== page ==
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SEAI Publishes the Interim Energy Balance 2021

The Sustainable Energy Authority of Ireland (SEAI) have published the Interim Energy Balance 2021, which shows that Ireland’s energy use increased by 4.3% last year. This follows a decrease in 2020, largely due to the COVID-19 pandemic. Most notably, there has been a rebound in demand for oil-products, particularly for transport as travel restrictions have eased. The figures underline the challenges arising from Ireland’s high dependency on imported fossil fuels.

Energy-related CO2 emissions increased by 6.3%, faster than our energy use, largely due to the types of fuels we had to use, particularly in electricity generation. A combination of low-wind periods in 2021, and less rain for hydro-generation meant that less of our electricity came from renewable sources. Coupled with temporary closures on some gas fired generation stations, this led to a tripling of coal and oil use for electricity generation, both extremely carbon intensive fuels. The implementation of national plans to increase the renewable electricity share to 80% by 2030 involves generating energy from onshore and offshore wind and solar PV. These plans include the development of increased renewable energy storage to mitigate variability in renewables into the future. 

Margie McCarthy, Director of Research and Policy Insights, said, “the Government passed into law carbon budgets that call for an annual reduction of 4.8% in energy-related CO2 emissions in late 2021. The emissions in 2021 are clear signals of how important it is to deliver the actions identified in our national Climate Action Plan, without delay. We need to make the shift away from fossil fuels to renewables much quicker to ensure a clean and secure supply of energy. The reasons to reduce fossil fuel dependency are clear and will help insulate us from large scale increases in gas and oil prices. We need to both increase our generation of renewable electricity, and switch to technologies driven by this clean energy. The most secure unit of energy is the one we either don’t use, or that we source from Irish renewables.”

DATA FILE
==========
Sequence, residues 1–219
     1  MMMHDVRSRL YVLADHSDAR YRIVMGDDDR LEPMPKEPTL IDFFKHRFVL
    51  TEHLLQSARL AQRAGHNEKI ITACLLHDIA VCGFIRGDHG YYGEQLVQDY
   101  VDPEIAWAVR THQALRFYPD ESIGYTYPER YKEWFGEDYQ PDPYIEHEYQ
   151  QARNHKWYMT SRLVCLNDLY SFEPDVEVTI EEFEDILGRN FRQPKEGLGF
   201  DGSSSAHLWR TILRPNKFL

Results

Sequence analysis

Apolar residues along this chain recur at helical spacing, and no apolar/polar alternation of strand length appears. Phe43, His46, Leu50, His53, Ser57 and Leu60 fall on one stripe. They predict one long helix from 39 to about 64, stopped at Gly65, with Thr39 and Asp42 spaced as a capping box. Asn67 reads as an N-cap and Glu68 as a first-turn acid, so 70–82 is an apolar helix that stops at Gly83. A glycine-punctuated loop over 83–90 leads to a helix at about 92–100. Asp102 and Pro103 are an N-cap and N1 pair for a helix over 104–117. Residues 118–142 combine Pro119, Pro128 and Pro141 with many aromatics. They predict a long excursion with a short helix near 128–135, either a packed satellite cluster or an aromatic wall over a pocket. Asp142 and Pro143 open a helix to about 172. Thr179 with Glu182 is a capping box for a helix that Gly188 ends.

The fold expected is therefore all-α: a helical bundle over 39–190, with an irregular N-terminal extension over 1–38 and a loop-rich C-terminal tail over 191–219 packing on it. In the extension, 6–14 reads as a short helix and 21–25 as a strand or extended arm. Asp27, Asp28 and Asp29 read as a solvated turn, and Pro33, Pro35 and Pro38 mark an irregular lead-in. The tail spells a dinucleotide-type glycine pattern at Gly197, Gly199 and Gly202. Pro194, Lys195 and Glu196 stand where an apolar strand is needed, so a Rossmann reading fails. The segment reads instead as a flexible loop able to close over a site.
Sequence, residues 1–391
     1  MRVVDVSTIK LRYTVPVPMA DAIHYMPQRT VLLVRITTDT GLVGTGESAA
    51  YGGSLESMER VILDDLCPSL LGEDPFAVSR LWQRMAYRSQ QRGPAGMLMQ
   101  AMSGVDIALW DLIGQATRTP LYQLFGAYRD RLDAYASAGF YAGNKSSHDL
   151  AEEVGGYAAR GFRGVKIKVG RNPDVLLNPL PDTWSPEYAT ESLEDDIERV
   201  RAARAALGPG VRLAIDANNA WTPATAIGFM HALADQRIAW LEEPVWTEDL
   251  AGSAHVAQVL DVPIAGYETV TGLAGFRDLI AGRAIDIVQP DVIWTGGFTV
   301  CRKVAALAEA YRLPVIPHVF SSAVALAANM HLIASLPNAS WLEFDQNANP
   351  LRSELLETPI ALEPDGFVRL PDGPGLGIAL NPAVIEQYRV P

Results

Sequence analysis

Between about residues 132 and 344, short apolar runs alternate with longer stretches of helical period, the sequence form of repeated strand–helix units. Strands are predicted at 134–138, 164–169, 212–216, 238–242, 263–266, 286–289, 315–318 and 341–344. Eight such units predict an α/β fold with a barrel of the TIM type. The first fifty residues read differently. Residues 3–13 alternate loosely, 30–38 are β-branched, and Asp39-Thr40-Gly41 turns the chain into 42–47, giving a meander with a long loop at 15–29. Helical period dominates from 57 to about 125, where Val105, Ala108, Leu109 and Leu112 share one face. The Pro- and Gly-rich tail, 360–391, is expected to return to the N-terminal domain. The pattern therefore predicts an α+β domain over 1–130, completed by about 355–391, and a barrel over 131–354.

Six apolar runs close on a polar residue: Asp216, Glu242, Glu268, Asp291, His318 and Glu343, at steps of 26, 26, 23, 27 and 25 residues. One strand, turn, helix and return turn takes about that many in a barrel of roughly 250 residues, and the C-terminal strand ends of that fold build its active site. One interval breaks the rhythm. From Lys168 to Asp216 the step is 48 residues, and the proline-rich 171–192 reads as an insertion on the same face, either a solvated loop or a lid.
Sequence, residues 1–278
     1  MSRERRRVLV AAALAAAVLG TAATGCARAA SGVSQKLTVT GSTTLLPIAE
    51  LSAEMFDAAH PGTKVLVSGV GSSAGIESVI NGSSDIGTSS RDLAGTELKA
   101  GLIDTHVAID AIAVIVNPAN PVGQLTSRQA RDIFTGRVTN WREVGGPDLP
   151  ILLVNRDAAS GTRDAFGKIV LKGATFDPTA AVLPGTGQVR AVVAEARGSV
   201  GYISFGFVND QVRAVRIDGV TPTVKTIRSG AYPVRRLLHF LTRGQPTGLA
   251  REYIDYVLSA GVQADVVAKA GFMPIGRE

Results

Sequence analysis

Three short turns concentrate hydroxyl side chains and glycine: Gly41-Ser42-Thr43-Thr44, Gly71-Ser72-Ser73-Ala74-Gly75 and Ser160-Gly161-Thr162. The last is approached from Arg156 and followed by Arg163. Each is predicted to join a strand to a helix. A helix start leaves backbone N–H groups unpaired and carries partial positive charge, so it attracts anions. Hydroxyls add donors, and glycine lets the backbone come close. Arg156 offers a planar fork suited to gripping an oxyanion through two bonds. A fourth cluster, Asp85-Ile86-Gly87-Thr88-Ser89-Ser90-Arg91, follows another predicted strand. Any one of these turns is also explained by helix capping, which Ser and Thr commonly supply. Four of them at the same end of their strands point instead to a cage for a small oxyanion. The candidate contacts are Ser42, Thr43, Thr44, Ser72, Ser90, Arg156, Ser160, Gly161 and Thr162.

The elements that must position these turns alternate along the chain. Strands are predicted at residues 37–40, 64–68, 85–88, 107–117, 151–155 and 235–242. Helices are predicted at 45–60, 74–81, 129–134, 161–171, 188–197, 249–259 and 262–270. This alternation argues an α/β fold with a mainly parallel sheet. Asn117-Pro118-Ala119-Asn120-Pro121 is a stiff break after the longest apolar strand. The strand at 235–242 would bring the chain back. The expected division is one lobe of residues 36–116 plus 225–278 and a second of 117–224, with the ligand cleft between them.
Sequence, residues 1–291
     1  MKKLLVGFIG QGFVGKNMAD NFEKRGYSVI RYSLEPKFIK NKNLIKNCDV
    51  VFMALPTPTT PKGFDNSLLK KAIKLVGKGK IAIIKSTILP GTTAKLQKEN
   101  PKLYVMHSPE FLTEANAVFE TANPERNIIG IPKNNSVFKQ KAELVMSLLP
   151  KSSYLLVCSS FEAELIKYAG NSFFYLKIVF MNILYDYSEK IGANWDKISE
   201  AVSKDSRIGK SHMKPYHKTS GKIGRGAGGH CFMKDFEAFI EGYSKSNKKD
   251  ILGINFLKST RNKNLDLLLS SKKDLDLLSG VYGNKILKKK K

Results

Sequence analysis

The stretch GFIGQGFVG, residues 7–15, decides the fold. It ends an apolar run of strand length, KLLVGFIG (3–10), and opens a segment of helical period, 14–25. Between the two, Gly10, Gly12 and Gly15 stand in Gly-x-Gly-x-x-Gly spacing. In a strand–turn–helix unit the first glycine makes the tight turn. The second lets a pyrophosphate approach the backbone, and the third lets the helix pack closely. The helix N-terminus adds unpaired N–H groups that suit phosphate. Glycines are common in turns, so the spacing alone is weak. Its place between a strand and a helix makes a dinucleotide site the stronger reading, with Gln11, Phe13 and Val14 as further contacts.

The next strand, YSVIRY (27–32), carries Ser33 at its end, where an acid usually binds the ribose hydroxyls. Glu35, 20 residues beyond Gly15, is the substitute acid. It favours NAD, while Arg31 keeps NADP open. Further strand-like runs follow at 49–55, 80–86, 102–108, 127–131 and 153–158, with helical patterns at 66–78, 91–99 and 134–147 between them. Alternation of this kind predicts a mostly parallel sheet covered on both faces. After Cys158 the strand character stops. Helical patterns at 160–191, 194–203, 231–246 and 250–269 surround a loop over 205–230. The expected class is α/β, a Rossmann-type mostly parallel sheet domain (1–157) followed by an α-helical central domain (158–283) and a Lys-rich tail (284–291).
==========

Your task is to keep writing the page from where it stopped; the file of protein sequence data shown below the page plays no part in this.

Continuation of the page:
“We encourage businesses, citizens and communities to utilise existing Government supports and make whatever changes they can to move away from fossil fuel use now. While the scale of the climate crisis can seem overwhelming, the benefits of collective action to move away from fossil fuels will create a better Ireland, with improved air quality, more comfortable homes, more vibrant communities and an economy built on sustainable industries and jobs.”

SEAI offers a range of Government funded supports for householders, businesses, and communities who want to reduce their fossil fuel use, including grants for home energy upgrades, EVs, and energy upgrades to businesses and community buildings. For information on these supports and advice on how to reduce your energy bills, visit seai.ie.

Source: SEAI

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